Kichigin/Shutterstock This article appears in the Summer 2018 issue of The American Prospect magazine. Subscribe here . T he tax code has long punished marriage. A married couple filing a joint return stood to pay a slightly higher rate than two individuals with the same incomes would pay if they were filing separately, especially if the incomes were close to equal. Early on in the tax reform process, House Speaker Paul Ryan bragged, “We’re going to get rid of the marriage penalty.” But the 2017 Republican Tax Act achieved that goal only for middle-income Americans, leaving low-income households penalized for doing exactly what conservatives admonish them to do—get married and start a family. Prior to the Tax Act, many couples found themselves in a higher tax bracket after getting married. In addition, many means-tested benefits like the Earned Income Tax Credit and the Child Tax Credit are designed around a similar assumption—that the husband would earn more than the wife—and so the...
(Britta Pedersen/picture-alliance/dpa/AP Images) W hen Hurricane Maria devastated Puerto Rico in late September, hospitals across the mainland United States already faced intermittent shortages of intravenous fluids. But the Category 4 hurricane severely damaged several manufacturing plants owned by Baxter International, one of the major manufacturers of the small IV bags that deliver those fluids, setting in motion a major national shortage. Nearly six months later, the scarcity of IV bags has reached crisis levels, illustrating what damage to a supply chain concentrated in Puerto Rico can do to one of the world’s most advanced health-care systems. This development underscores an inescapable reality: A strong sector may have great doctors, nurses, and hospitals, but if one link in the supply chain breaks, people suffer. IV bags, simple plastic bags that are used to mix and deliver a liquid medication or salt water to patients through an intravenous line, are involved in nearly every...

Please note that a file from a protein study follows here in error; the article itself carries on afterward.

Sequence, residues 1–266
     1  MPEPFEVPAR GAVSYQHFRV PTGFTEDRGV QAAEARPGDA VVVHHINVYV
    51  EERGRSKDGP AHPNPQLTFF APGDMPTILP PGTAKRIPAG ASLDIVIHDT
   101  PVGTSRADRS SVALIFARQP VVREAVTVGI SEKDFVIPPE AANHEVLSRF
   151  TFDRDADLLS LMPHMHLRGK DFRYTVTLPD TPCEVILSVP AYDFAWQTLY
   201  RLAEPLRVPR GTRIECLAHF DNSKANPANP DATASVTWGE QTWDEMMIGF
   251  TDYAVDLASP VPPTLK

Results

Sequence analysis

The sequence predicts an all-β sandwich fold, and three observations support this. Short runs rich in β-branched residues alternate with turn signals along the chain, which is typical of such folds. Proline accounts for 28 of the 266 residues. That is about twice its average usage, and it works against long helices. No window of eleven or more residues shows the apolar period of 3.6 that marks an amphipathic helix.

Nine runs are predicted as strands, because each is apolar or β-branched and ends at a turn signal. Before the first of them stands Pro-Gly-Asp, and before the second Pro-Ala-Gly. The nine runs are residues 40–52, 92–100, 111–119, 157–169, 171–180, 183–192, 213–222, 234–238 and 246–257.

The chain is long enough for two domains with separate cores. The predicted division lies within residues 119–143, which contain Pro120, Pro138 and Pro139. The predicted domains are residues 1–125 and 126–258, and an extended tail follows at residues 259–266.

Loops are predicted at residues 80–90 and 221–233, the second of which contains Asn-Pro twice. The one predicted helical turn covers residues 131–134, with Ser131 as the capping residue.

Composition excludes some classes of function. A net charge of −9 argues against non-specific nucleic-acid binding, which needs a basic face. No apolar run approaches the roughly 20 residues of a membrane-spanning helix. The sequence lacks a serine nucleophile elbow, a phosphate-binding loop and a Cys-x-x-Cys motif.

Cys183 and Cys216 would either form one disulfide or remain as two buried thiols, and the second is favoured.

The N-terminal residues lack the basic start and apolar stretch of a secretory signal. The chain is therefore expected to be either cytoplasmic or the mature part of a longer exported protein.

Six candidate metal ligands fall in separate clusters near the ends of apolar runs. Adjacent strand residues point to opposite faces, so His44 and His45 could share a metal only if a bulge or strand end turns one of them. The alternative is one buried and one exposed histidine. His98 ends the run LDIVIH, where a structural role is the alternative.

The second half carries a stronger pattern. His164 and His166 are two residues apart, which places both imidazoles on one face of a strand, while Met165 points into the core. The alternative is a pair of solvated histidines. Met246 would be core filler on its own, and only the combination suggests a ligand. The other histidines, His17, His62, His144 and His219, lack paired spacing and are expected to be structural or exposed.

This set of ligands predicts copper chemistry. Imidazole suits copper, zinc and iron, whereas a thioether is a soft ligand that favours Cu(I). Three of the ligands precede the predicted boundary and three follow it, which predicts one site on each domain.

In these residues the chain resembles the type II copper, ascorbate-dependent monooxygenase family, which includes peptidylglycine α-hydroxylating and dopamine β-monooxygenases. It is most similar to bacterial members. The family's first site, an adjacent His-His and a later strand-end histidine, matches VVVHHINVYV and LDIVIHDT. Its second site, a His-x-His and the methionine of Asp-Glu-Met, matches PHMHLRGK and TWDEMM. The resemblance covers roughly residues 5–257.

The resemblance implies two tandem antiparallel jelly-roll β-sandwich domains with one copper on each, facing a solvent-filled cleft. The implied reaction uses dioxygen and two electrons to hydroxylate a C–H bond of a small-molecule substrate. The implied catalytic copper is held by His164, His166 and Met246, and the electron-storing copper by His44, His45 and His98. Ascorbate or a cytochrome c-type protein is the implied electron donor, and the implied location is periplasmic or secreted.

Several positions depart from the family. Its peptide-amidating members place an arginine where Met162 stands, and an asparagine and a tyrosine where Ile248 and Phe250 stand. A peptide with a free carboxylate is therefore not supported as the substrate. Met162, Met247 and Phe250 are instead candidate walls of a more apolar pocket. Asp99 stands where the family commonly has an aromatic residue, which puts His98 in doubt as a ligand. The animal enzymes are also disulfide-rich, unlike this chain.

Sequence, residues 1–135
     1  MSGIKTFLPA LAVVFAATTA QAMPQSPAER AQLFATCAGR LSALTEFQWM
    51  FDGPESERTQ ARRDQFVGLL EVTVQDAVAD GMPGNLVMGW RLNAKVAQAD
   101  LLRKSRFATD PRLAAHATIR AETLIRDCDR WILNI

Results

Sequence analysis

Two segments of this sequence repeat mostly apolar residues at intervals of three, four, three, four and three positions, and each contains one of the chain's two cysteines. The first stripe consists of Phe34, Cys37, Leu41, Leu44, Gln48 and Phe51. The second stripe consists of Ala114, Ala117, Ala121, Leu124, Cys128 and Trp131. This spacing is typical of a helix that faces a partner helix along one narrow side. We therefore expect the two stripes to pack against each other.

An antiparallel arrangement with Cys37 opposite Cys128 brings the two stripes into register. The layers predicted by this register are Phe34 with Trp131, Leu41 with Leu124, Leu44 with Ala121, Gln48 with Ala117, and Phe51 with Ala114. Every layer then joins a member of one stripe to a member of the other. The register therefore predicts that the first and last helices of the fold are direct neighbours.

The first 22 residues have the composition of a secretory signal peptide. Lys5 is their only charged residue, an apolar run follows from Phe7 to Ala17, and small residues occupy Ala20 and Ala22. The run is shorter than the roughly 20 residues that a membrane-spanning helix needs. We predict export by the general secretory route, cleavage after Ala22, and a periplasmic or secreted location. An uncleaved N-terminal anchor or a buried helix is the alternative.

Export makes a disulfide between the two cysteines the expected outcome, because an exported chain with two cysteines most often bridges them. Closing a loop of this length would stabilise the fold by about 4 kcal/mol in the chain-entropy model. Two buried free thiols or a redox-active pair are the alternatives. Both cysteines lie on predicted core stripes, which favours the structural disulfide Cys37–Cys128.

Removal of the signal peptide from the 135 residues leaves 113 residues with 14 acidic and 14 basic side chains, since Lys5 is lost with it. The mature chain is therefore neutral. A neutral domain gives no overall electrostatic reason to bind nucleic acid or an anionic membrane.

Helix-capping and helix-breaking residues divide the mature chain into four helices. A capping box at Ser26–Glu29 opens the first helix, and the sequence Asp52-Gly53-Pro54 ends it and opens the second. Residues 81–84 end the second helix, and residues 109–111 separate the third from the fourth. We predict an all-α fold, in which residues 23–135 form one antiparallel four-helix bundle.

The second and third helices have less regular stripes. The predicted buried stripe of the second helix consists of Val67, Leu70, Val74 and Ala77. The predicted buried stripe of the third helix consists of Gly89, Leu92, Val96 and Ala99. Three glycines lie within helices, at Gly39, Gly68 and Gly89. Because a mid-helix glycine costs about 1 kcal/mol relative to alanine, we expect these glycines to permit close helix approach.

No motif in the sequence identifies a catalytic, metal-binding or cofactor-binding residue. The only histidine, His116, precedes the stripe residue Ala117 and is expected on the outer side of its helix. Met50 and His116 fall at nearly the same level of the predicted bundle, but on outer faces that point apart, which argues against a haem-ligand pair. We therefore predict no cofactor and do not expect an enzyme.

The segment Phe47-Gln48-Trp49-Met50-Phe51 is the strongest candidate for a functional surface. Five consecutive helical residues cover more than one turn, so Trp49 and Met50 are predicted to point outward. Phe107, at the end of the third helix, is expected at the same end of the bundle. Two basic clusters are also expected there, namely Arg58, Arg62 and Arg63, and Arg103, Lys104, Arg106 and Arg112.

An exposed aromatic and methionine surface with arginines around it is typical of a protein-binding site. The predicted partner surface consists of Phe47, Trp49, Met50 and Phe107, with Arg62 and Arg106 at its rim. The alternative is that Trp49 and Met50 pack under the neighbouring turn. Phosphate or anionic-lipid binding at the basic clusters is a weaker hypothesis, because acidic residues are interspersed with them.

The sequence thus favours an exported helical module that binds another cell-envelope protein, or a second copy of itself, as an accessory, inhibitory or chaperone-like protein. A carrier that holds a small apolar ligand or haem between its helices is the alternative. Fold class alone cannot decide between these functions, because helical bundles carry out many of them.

Alex Milan Tracy/Sipa via AP Images Hundreds of people marched through the streets of Portland, Oregon, for the 17th Annual Global Cannabis March book_cover.png W hen Attorney General Jeff Sessions rescinded Obama-era policies in early January, which had prevented federal prosecutors from pursuing marijuana cases in states that had legalized or decriminalized the drug, the staunch conservative rekindled the debate over a drug that some researchers and users believe is less toxic than alcohol. In Grass Roots: The Rise and Fall and Rise of Marijuana in America , independent historian Emily Dufton, a former American Council of Learned Societies fellow at the Center for Public Integrity , details how 1960s social movements fueled both the marijuana decriminalization effort and the reactionary “parent movement” that sought to recriminalize the drug. She cautions that today’s marijuana activists should view marijuana’s history as a pendulum swinging between more liberal marijuana policies...
Late last week, House Republicans passed the “Tax Cuts and Job Act,” a bill they claim will cut taxes and raise wages for the majority of Americans. One group that would see a huge tax increase are graduate students. Many of them survive on modest stipends, but they could see their taxes quadruple under the GOP plan.
Most doctoral programs come with a sticker price somewhere between $20,000 and $50,000 per year. Yet many graduate students usually do not pay the going rate. Instead, these students work as teaching assistants who conduct research and teach classes. They receive a small yearly stipend, typically between $15,000 and $35,000. Roughly 145,000 graduate students fall into this category.
The House Republicans' plan would treat waived tuition as income, which means some graduate students would see their tax bills skyrocket despite their meager take-home pay.
In an interview with Wired, Amanda Coston, a Carnegie Mellon PhD student, said she expects her tax bill to increase from roughly $2,000 to more than $10,000. Essentially, Coston would pay taxes on $76,234 (tuition plus stipend), even though her real annual income is only $32,400. (The latest version of the Senate bill does not tax waived tuition.)
Michael Stenovec, a UCLA graduate student working on his doctorate in political science, told The American Prospect that the Republican plan “hurts graduate students who work in high-cost areas like Los Angeles and at public schools without the resources to better compensate grad students.”
The higher tax burden is not the only new penalty: Interest on student loans would no longer be tax deductible. Other workers in the higher-ed sector would also suffer under the Republican tax scheme. University employees from janitors to administrative assistants have long been able to score free tuition for their children. Under the GOP plan, that valuable benefit would be counted as taxable income.
In knowledge sectors like “eds and meds,” graduate students help large research universities—as well as the regions of the country that host them—maintain a competitive edge in the global economy. A plan that forces graduate students to cough up thousands in additional taxes a year to give tax cuts to the super-wealthy is no way to build off that success. It’s actually a move that may put graduate school out of the reach of America’s best and brightest.